First drive: is 2.0-litres enough for the Ford Ranger Raptor?
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When it was revealed that Ford would be bringing the Raptor nameplate to Australasia via the selling-like-hot-cakes Ranger platform in February, there was wide celebration ... followed by an undercurrent of cynicism.
The Raptor name is best known down under as Ford Performance's off-roading jewel, through big, hearty, V8– and V6–powered F-150s that are left-hand drive forbidden fruit to most Kiwis.
And, with our Ranger Raptor (pricing set to start at $84,990 when it lands in New Zealand) being powered by a humble 2.0-litre turbo-diesel engine, it didn't take long for doubt to settle in on whether our first foray into Raptor-dom was a watered down one. Social media in particular has been a vicious place, naturally.
So, is that the case?
Well, we're currently in Darwin, Australia, stumbling and bumbling to recover from a near 12-hour drive day with the Ranger Raptor.
We were among the first journos in the world to be offered a sample of the sports pick-up. This involved a motorway run south past the Adelaide River and to Tipperary Station — an enormous 200,000+ hectare property outfitted with its own school, general store, and plenty of red-dusted off-road courses for the Ranger Raptor to play on.
The Ranger Raptor's 2.0-litre engine is a four cylinder bi-turbo diesel unit, churning out 157kW of power and 500Nm of torque. It's smaller than the five cylinder 3.2-litre out of the Wildtrak, but it's got more power, more torque, and is quicker to 100km/h with claimed figures of 10.5 seconds.
Behind the numbers is an engine that's been refined for durability and performance with upgraded pistons and an improved temperature range. And in theory, the bi-turbo set-up means accessible performance and limited lag.
There are some admittedly obvious downsides to the 2.0-litre engine straight off the bat. It's not necessarily the best piece when it comes to overtaking on the motorway. A Colorado or V6-equipped Amarok is far more up to the task when it comes to chewing up miles.
It's also not wildly better on fuel than its five-cylinder Wildtrak cousin. Ford claims a fuel-consumption figure of 8.2L/100km through the 2.0-litre when connected to the Raptor, which is only marginally better than the 8.7L/100km claimed for the 3.2-litre. We managed to dip into the 10.0L/100km bracket on the motorway trip home, though naturally that number grew significantly in the heat of our off-road hoonery.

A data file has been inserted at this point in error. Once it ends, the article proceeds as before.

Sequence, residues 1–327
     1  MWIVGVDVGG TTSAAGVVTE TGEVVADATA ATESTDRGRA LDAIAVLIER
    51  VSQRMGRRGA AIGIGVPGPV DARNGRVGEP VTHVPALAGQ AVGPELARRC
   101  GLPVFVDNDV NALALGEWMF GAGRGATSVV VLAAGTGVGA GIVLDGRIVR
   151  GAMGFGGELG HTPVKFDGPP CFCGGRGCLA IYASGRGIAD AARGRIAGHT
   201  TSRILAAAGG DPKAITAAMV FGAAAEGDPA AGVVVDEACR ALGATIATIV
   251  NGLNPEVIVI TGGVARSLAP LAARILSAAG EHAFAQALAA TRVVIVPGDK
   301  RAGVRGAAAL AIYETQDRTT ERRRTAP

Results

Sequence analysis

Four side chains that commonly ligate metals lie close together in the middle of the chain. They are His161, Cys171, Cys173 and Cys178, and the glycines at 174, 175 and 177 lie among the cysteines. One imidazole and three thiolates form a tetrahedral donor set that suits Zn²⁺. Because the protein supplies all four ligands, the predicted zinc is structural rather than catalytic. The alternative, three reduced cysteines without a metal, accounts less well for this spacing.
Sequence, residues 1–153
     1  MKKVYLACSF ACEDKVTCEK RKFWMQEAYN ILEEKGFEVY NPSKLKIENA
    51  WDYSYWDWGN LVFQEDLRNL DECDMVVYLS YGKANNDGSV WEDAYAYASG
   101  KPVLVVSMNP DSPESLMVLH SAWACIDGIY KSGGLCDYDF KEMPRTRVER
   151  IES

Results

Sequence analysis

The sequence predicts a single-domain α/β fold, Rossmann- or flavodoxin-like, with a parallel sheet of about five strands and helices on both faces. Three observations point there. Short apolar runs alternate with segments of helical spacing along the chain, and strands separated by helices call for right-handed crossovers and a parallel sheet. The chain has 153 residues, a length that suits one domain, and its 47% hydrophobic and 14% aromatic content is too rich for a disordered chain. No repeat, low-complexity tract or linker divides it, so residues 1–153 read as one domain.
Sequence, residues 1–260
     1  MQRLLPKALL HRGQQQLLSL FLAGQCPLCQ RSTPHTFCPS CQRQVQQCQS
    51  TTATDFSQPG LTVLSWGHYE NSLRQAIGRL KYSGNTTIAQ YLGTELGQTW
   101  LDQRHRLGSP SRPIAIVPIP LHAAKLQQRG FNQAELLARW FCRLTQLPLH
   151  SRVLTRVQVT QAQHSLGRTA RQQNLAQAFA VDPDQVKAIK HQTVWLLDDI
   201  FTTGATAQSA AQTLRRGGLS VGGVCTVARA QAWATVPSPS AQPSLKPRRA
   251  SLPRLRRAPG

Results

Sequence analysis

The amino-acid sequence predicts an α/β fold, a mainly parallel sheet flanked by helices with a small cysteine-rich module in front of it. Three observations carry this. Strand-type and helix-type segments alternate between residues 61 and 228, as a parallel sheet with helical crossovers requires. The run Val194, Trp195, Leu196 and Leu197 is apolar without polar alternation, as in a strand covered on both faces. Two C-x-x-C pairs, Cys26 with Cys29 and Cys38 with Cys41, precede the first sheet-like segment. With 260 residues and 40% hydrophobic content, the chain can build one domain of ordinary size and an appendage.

One might also assume that the Raptor's depleted towing capacity and pay load — from the 3,500kg braked capacity and 950kg of the Wildtrak to just 2,500kg and 700kg respectively — is engine related too. I might have made that false connection myself, but truth be told the numbers difference is all down to the new damping set-up in the rear end.
But, the engine has its positives too.
For one, it's one of the best sounding and most rev-happy diesels on the market. You get the traditional diesel clatter when it vibrates into life, but when it's pinned it lets out a nice gruff thrum that fills the cabin — like a weird hybrid between an off-beat three-pot and a neutered Harley Davidson.
It's also very sharp to drive. Response to throttle inputs is near instant — certainly showcasing more get-up-and-go than a lot of its turbo-lag hobbled brethren. Torque comes in a linear fashion and, combined with a re-calibrated version of Ford's new 10-speed automatic (yep, the one from the Mustang), it's a power-train that is predictable and rather fun to toy with on road.
And all of those things count for double off-road. The predictability and sharp on-road throttle response becomes a golden commodity on gravel.
Over the course of the day, there were plenty of queries about this engine and whether Ford would be offering it to other markets or whether something bigger was in the works. By and large, Ford remained tight lipped on the matter.
But as the day progressed through the different off-road testing modules, the amount of focus on the engine's ability seemed to drop off. Chatter shifted to everything else that makes up the Ranger Raptor; the altered the chassis, the Fox shocks, the distinct differences between the different drive modes, the highly versatile all-terrain BF Goodrich shoes.
Yes, Ford's 2.7-litre twin-turbo V6 EcoBoost petrol engine would've been nice (likewise the Mustang's 2.3-litre EcoBoost). But when push comes to shove, those who show concern for the Raptor's lack of towing capacity or lack of straight-line ability are perhaps the wrong crowd for this truck in the first place.
Our full debrief of the Ranger Raptor is coming soon in a future print edition of Driven, but for now we'll just say this; it is unsurpassed when it comes to off-road capability. The work under the skin is vast and comprehensive, and on the dirty stuff very little is anywhere near as confidence inspiring.
There is much more to talk about with this Raptor. And ironically, very little of it has to do with that engine.
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